Join top legal professionals and government regulators March 17-18, 2010 in Washington, D.C., at the 2010 Annual ANA Advertising Law & Public Policy Conference, where you will hear from Jon Leibowitz, Chairman of the FTC and Doug Gansler, Maryland attorney general, as well as leading legal experts both from law firms and client-side marketers.

Connect with key industry leaders and policymakers as we discuss the most volatile and fast-moving legal and political environment for advertising and marketing in decades. Learn about the new regulations, legislation and major court cases that are fundamentally changing the business environment, and how you can keep up!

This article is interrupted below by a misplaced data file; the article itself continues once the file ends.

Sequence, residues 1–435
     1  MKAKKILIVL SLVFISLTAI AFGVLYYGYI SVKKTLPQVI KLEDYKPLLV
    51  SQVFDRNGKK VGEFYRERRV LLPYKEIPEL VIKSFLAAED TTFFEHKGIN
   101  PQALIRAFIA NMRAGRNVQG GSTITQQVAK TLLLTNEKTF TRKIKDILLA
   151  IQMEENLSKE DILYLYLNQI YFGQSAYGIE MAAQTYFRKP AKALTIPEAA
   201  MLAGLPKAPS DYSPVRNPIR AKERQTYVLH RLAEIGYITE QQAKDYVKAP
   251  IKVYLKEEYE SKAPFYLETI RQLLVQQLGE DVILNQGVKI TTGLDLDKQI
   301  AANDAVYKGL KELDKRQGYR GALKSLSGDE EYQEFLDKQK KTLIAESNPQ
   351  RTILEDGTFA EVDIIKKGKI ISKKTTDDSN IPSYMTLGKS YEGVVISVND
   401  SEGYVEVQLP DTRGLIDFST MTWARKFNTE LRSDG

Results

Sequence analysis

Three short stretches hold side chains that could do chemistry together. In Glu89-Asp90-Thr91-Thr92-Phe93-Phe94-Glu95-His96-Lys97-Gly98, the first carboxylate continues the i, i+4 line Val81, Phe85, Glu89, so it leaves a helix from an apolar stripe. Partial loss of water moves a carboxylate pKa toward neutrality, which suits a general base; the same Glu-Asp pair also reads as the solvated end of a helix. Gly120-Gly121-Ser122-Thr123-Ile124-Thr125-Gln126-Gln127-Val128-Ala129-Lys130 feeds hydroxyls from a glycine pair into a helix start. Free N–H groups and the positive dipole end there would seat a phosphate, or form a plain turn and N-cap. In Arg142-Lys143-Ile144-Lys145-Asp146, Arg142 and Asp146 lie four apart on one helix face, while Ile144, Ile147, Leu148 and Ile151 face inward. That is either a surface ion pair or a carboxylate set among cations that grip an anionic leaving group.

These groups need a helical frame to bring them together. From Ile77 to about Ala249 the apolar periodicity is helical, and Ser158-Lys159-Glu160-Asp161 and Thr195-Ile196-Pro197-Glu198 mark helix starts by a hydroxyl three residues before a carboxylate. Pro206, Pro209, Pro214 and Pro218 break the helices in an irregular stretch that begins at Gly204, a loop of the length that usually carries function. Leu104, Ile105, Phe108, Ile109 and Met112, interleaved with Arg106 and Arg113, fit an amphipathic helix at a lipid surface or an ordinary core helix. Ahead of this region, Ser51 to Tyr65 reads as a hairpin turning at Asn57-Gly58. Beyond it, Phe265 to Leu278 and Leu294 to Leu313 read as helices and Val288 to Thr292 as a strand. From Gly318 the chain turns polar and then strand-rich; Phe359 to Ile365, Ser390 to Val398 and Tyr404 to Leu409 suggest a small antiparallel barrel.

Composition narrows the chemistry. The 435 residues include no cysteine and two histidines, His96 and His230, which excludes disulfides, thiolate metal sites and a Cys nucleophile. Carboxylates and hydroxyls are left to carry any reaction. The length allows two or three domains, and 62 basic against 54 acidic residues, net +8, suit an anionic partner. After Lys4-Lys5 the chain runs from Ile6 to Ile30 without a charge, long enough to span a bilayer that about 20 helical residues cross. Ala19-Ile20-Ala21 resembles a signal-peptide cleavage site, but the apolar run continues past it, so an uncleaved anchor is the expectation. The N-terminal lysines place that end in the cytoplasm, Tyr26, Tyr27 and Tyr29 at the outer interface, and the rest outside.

Legal Predictions for 2010 – Ad Age Book Of Tens

As it does every year at this time, Advertising Age has again published its Book of Tens. For as long as I can recall, that has included an amazingly prescient set of legal prediction ‘Tens’ from my partner, Douglas J. Wood, and this year is no different.

Go. Look. Read. Recall last year’s. Save this one for December 2010. It’s amazing how good his track record is . . . but then, if you know him, that shouldn’t surprise you. But some of his predictions this year, just might: Book of Tens: Legal Predictions for 2010.

You can contact Douglas J. Wood directly to tell him how ‘on target’ he is, or you can contact me, Joseph I. Rosenbaum, or any of the Rimon attorneys with whom you regularly work if you need more information or help in areas related to advertising, media, technology and entertainment. We are here to help.

H.R. 4173 = CFPA = Amend FTC Act. Why Should You Care?